8. I respectfully disagree. First, I am not sure whether we can justify disproportionate power relations between those who conduct experiments and those who are subjects on the grounds that the results ultimately reduce poverty. Researchers do not only produce knowledge, but they also build careers. In some cases, these career trajectories are much more rewarding: you end up building much more capital–economic and social–than the supposed benefits that the subjects would receive–especially regarding the knowledge produced by this research agenda. The justification of these obvious inequalities in the name of advancing scientific inquiry/activism is a bit too ambitious, and perhaps, too self-righteous. Second, and more importantly, experiments in social sciences are not very strong instruments: in some cases, replicated experiments yield contradictory and insignificant/spurious results. I am not sure how one can place so much faith in an instrument that has a much more limited use in social sciences. I am not saying experiments need to be abandoned all-together; but it would be wiser to have some degree of skepticism regarding the benefits of its use to knowledge accumulation. Otherwise, our mindset would be no different than a 19th century colonizer in Africa: “but we bring civilization!!” (replace this with “but we produce knowledge for humanity!!!”)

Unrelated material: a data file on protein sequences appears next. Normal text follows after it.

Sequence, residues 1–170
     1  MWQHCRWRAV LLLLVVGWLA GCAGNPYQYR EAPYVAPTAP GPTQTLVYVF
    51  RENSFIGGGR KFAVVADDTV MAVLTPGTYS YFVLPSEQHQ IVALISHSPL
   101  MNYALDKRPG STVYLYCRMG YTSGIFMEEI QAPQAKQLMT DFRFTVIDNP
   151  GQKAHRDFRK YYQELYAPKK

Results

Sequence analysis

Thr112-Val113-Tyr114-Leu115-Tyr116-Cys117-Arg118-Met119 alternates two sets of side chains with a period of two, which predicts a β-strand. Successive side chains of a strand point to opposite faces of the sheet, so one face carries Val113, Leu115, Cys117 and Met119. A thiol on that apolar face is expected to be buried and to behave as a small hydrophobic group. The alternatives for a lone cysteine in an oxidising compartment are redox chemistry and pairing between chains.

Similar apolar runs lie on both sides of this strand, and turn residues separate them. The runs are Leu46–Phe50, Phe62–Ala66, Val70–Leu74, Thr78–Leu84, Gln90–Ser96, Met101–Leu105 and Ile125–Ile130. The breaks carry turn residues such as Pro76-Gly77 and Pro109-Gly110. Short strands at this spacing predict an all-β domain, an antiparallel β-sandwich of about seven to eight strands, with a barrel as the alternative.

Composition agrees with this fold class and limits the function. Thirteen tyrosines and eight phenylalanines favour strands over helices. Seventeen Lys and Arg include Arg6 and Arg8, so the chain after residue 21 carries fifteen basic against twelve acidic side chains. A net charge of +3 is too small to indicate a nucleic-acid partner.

9. The idea that political scientists shouldn’t intervene experimentally if that intervention MIGHT affect outcomes is ridiculous. Wantchekon could have affected the election in Benin. Gerber and Green and other large-scale voter mobilization experiments could easily affect election outcomes too–everyone knows that increasing voter turnout is most likely to push the electorate to the left.

    Even if we stipulate to a “do no harm” standard, how are we to define harm? What clear harm did this experiment cause? If the claim is that it undermined the non-partisan nature of the election, we have to believe that that is harmful. Is it? It’s not quite as clear-cut as a doctor prescribing the wrong medicine and killing someone.